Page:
Common Issues

How to Treat Leaf Spot

A monstera and anthurium in dramatic lighting.

What is leaf spot and how can I identify it?

Leaf spot is a common fungal or bacterial infection that plagues houseplants. It causes unwanted brown spotting, sometimes accompanied by a yellow or reddish halo, that can spread like wildfire from leaf to leaf, or even plant to plant. This can occur due to a variety of environmental factors, and unfortunately, is a frequent plant-killer. 

The first sign of infection is usually a grouping of small brown spots. These can sometimes merge together to form larger areas of browning, or can harden into small, reddish-brown spots over the leaf. You may also notice holes forming within the discoloration. This is because the infection eats away at the leaf tissue.

A hand holding an alocasia 'dragon scale' with a brown leaf spot surrounded with a yellow ring.

What causes it?

There are multiple ways that leaf spot can be encouraged to appear. Consistently high humidity levels paired with poor air flow and circulation is the most common cause. Another common mistake is splashing water onto leaves during watering or over-misting foliage. Fluctuations in temperature can also threaten the safety of your plants, so try to keep the room at a comfortable, consistent temperature. These acts seem helpful, but if not done carefully, can create the perfect breeding ground for these bacterias and fungi to take form.


  1. Prune and remove heavily affected leaves. If there is only one spot or two, skip this and follow the next steps.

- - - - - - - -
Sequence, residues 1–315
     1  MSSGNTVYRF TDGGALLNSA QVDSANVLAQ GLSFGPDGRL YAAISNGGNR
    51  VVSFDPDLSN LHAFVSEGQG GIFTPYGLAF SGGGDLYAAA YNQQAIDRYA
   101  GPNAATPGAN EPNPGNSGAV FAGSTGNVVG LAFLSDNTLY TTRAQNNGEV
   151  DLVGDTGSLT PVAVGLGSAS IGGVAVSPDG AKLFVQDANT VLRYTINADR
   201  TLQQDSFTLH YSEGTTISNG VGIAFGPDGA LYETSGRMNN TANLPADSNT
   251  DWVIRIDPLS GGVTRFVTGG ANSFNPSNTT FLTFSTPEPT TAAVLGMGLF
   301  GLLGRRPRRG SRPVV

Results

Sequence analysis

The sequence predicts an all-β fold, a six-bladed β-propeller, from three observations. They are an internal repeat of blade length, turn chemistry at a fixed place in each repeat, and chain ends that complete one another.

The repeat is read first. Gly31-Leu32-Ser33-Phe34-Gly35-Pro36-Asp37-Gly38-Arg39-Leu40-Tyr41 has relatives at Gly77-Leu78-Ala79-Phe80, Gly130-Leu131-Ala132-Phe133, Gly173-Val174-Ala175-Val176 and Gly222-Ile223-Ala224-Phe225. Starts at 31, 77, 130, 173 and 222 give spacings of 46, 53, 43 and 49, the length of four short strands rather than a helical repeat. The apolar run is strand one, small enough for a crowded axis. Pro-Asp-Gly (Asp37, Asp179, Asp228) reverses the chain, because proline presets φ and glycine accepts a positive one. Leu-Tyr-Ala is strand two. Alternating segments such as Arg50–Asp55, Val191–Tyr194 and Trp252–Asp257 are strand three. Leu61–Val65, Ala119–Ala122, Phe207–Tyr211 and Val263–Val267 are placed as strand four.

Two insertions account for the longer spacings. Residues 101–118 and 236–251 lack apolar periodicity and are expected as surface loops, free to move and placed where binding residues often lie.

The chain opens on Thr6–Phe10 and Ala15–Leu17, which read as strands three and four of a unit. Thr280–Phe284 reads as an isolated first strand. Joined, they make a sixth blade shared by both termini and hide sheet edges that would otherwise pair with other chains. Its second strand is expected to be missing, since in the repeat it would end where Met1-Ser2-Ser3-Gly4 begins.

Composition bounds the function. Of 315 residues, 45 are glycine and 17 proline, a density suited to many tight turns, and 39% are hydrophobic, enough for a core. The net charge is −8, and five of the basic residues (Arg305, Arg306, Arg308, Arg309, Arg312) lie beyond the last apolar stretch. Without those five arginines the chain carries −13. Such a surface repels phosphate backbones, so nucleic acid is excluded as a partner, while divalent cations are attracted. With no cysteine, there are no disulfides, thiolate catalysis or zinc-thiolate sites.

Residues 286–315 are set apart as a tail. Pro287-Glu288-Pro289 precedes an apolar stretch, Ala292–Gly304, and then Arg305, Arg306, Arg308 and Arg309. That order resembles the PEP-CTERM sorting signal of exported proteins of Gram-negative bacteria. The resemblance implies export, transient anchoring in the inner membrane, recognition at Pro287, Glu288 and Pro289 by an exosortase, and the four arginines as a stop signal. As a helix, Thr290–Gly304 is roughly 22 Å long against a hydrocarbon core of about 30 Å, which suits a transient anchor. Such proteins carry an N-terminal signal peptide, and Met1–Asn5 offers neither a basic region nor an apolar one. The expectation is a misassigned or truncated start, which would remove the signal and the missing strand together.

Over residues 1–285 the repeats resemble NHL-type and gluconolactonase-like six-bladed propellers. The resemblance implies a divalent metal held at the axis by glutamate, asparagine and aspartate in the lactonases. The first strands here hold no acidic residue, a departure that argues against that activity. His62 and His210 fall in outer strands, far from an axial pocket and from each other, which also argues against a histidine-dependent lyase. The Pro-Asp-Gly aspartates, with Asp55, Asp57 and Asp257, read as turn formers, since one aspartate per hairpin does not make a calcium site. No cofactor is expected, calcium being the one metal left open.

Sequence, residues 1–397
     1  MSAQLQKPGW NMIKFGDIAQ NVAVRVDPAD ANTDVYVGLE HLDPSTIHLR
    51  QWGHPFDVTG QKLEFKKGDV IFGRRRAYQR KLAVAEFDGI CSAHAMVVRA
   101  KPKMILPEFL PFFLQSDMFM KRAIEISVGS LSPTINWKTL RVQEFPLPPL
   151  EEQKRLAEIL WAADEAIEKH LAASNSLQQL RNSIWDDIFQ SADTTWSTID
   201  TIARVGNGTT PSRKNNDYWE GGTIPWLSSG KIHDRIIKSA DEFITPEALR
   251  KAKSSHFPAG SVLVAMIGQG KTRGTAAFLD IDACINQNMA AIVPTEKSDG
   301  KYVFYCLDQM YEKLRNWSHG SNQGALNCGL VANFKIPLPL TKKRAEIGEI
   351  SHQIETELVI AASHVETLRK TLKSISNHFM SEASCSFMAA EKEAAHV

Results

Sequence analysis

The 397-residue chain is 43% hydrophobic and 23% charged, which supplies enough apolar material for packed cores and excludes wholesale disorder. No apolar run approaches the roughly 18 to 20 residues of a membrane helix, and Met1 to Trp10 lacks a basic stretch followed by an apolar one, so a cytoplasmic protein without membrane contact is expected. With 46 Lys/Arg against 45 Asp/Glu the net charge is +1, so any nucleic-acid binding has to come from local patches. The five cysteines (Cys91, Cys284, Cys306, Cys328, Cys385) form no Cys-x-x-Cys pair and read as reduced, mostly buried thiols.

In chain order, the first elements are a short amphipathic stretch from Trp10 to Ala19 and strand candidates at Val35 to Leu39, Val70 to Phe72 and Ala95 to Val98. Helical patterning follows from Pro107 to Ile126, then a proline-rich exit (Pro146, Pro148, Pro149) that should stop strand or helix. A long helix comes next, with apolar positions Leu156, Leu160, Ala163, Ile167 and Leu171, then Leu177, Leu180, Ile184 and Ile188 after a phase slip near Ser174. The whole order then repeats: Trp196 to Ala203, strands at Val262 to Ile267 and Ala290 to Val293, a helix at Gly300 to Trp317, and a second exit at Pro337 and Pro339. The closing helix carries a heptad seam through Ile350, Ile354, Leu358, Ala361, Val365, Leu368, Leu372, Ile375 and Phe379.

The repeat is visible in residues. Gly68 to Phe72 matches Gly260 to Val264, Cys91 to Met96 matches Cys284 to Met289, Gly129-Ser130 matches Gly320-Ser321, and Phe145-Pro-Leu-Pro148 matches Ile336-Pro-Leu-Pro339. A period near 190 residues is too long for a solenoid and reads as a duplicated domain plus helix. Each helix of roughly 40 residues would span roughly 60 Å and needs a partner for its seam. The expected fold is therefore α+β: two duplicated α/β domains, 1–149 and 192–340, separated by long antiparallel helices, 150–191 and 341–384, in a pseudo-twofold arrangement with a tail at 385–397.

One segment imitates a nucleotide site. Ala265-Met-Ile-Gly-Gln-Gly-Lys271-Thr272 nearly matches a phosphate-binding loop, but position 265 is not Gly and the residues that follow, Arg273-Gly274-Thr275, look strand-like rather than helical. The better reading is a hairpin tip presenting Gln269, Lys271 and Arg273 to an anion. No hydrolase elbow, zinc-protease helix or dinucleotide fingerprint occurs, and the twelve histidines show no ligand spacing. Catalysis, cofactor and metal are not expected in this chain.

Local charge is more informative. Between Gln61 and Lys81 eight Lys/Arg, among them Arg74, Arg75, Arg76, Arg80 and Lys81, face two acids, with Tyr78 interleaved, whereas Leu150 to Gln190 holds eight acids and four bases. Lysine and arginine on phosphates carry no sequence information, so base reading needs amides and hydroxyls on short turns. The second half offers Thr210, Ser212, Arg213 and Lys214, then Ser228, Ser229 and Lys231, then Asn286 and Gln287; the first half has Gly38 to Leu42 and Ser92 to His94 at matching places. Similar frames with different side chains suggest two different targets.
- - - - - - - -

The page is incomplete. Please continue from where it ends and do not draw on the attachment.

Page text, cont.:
2. Provide frequent treatment of neem oil or another fungicide to the foliage. Copper-based fungicides are safe and effective for most plants, but always do your research – copper can be harmful to certain plants. 
  3. Avoid getting water onto the leaves as it recovers.
  4. Keep the plant  away from other plants temporarily. This will prevent the infection from spreading to the foliage of your other plants.
  5. Monitor daily to ensure the infection has stopped spreading.
  6. Repeat steps 1-5 until you’re certain the plant has beat the infection.


To prevent leaf spot from taking out your plants, try these tips and tricks:

  1. Provide good air. You can do this by running an air purifier or fan nearby, or by keeping a window slightly open, especially during summers when it gets hot and humid.
  2. Avoid misting or splashing. Getting water onto your leaves. While some plants (ferns, air plants, etc) like high humidity and appreciate misting, many others won’t react well to being wet all the time, as this makes them  more prone to infection. 
  3. Space out your plants. Give your plants some more breathing room so they aren’t overcrowded and bumping leaves with others. This limits the potential spread of leaf spot from plant to plant.
  4. Routine neem treatments. Spraying your plants with neem oil every month as a preventative towards bacterial, fungal, and pest issues will help catch any early start of leaf spot before it spreads beyond control.
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